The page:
Idea #3: Positive Conversation. I'm a firm believer in saying out loud what you are thankful for - and why - on a regular basis. It just reminds you that no matter how bad things are sometimes, there are things to be happy for. I'd like to make it a ritual to go around the table every night and say one thing that each person is thankful for that day. Also, I think that dinner needs to be a pleasant event - so save the lectures and scolding for other times.

Idea #4: Stick With It! I think family dinners have to be made a priority in order to work. If you don't make them important, you'll stop doing them. Sometimes they are just going to feel like a chore. But, if you remind yourself of why they are important, it will be easier to keep doing.

I don't know, maybe my ideas are a little idealistic. I'm not at this point yet, so I don't know entirely what to expect. I'm hoping that I will be able to do this for my family - and for myself. Because, after all, the time goes so quickly, and I want to savor every second.

Saturday, May 24, 2008

Whole Wheat Chocolate Chip Cookies with Walnuts and Coconut

I just made these cookies and they are SO GOOD!! I think the whole wheat gives them a more "rich" flavor. There is just a hint of coconut - which I like. I think coconut is better as an accent than the main attraction. Just my humble opinion, of course.

Anywho, If anyone wants the recipe, here goes:

Whole Wheat Chocolate Chip Cookies with Walnuts and Coconut

3/4 c. brown sugar
3/4 c. sugar
1 c. butter
1 t. vanilla
1 egg
2 c. whole wheat flour
1 t. baking soda
1/2 t. salt
1 pkg. chocolate chips (whatever variety you prefer)
1/2 c. chopped walnuts
1/2 c. shredded coconut

Preheat oven to 375 degrees.

Cream together brown sugar, sugar, and butter. Add vanilla and egg, mix until well combined. Slowly add whole wheat flour, baking soda and salt. Mix well. Stir in chocolate chips, walnuts and coconut.

Drop onto cookie sheet and bake for 8-12 minutes, depending on how done you like your cookies.


Friday, May 23, 2008

The Middle Class Crunch

With our economy and our dollar how they are and with all of the Presidential Candidates using scare tactics and pretty little economic plans to lure votes, there has been a lot of talk recently about the "Middle Class Crunch", particularly the housing market situation, health care costs and out of control childcare costs.

Now, I'll admit that inflation is out of control (even thought the government completely denies it. Hello! Where I live a gallon of milk is $5 right now!) it's getting harder and harder to make ends meet. But, honestly, is it really just the rising costs making it so difficult? I don't think so. You want to know the biggest part of the problem? Debt.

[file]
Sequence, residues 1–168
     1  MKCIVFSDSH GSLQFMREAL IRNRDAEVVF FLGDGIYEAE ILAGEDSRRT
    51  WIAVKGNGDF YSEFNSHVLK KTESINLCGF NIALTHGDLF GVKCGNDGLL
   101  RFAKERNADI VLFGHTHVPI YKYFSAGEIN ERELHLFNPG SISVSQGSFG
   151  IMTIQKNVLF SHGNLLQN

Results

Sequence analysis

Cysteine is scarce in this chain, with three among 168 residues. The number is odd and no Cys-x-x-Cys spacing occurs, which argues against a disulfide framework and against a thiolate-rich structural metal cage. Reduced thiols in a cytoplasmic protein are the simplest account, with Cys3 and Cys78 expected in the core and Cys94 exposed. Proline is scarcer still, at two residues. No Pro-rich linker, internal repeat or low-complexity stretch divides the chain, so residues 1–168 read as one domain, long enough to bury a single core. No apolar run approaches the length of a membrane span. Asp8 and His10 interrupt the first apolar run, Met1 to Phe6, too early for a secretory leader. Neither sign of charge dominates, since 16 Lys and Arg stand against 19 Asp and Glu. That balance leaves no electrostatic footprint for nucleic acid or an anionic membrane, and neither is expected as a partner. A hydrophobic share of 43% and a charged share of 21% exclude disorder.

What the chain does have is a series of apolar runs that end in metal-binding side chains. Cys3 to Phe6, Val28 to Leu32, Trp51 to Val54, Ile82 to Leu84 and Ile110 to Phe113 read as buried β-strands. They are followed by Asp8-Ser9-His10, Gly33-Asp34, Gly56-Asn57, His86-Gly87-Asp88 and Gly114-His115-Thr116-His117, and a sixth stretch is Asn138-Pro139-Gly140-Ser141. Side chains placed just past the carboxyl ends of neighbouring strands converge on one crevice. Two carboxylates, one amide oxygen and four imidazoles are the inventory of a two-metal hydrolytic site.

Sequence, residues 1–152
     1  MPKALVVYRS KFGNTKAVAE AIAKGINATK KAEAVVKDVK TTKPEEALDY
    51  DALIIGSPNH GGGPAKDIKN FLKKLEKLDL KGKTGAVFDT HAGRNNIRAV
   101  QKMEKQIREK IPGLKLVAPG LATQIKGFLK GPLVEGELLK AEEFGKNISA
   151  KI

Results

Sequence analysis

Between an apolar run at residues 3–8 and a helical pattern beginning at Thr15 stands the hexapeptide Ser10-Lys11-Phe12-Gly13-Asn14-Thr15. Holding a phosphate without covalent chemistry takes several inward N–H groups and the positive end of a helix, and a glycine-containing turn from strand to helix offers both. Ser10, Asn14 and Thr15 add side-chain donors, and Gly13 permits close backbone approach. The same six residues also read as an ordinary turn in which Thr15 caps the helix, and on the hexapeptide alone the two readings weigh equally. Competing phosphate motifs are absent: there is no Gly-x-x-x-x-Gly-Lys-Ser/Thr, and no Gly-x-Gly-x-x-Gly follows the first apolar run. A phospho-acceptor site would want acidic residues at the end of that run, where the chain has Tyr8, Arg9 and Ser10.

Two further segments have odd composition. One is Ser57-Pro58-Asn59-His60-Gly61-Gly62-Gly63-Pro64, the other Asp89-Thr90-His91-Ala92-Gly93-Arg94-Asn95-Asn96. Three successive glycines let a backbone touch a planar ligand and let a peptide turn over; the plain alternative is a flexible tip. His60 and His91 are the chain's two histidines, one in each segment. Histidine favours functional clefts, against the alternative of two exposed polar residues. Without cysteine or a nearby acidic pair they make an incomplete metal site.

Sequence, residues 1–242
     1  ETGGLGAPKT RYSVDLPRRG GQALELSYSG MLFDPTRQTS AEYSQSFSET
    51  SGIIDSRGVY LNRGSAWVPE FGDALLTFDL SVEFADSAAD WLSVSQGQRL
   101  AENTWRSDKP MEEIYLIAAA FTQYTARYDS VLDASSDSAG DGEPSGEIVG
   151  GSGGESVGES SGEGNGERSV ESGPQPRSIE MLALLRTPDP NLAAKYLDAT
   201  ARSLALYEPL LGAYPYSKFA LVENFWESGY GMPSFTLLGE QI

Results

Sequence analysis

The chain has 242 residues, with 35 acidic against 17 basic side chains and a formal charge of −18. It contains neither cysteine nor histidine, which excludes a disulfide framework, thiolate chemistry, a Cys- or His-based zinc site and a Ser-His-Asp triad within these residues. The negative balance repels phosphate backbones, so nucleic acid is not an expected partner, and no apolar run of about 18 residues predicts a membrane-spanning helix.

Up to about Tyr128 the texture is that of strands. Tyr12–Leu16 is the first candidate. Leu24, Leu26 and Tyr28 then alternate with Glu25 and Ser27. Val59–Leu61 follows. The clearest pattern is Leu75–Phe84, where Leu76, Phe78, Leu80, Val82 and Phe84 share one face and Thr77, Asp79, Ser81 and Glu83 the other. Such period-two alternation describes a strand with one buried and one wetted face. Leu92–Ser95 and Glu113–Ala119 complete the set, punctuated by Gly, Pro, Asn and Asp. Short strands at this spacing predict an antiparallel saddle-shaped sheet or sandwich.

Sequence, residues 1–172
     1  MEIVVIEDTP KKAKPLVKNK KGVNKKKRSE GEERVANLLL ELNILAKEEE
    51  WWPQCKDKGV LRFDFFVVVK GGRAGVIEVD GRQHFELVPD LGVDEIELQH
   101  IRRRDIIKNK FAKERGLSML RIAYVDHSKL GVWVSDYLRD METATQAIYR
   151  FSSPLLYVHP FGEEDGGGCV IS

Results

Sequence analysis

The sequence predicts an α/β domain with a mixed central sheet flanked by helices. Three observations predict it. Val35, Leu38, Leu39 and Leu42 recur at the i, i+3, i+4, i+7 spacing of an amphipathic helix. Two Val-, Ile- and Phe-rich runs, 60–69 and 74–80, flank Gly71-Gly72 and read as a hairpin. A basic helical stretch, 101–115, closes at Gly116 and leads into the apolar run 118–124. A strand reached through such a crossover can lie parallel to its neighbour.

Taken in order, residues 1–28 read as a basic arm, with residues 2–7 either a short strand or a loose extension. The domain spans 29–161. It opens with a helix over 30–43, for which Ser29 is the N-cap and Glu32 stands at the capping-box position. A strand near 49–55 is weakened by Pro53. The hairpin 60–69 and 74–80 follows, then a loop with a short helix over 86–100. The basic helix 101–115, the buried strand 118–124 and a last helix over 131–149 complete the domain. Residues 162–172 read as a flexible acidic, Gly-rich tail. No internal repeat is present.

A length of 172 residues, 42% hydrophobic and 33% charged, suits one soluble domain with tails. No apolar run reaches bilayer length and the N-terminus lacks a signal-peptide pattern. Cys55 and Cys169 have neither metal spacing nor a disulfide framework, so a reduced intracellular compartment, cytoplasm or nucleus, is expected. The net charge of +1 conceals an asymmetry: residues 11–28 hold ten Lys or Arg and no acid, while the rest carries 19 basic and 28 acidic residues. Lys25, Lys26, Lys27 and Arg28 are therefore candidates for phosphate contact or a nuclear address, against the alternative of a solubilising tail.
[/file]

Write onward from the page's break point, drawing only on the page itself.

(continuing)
That's right, it's your credit cards. It's your car payments. It's your big screen TV that you just HAD to have. It's that huge house you bought 3 years ago that you really couldn't afford, so you got an ARM. Debt. Americans spend money like there's no tomorrow - money that they don't even have! Look, just because you have a huge credit limit, doesn't mean you need to use it. And just because they tell you that you can pay that monthly payment, guess what, it doesn't mean you can afford it!

To quote the linked article:
"A generation or two ago, Mom -- and it was usually a mom -- could stay home with the kids while Dad put in the hours at the office. His income was enough to let them own a home and a car, and put a pot-roast dinner on the table once a week."

Exactly. The article hit the nail on the head without even realizing it. They had enough for what they needed and the occasional treat. Today we don't think twice before going out to eat 5 times a week (or more, for some people) and putting it on the credit card. We have huge walk-in closets full of nice clothes - your probably still paying them off, too. We have $50,000 SUV's . We have piles of store cards, cards with airline miles, cards with cash back rewards - and it just KILLS us to miss out on a reward. So what if you spent $25,000 (plus interest) to get that free airline ticket , it was FREE!!

Now the average costs for childcare in this country are $8,303 per year, per child for infants and $6,215 per year, per child for preschool. That's a lot of money, I understand that. The cost of childcare is rising at twice the rate of inflation. Many claim it's impossible to have a one-income household anymore. Bull.

I'm a SAHM. My husband works very hard for me to be able to stay home with our son. We're by no means rich but we don't have to worry either. Why? Because we make sacrifices and we have priorities. I manage to keep our monthly food bill to $300 a month, including diapers, formula, baby food, toiletries, etc. It's hard, I have to be creative sometimes, but I do it. And no, we're not living on Hamburger Helper, either. We will have our house paid off in 6 more years - we've only lived here a year and a half. We're maxing out our Roth IRA contributions every year and my husband is maxing out his 401k contributions. That's a ton of money going straight to investments. Not including our house payment, we live on $10,000 a year so that we can do that. That $10k includes utilities, gas, insurance, cell phones, food, entertainment - everything. And we end up putting a small portion of that in savings.

I know that for some families, it truly isn't possible to have a one income household. But I think that the vast majority of families could do it, if they really wanted to. It's about discipline, it's about priorities, it's about goals, it's about common sense.

I'll get off my soapbox now. ;)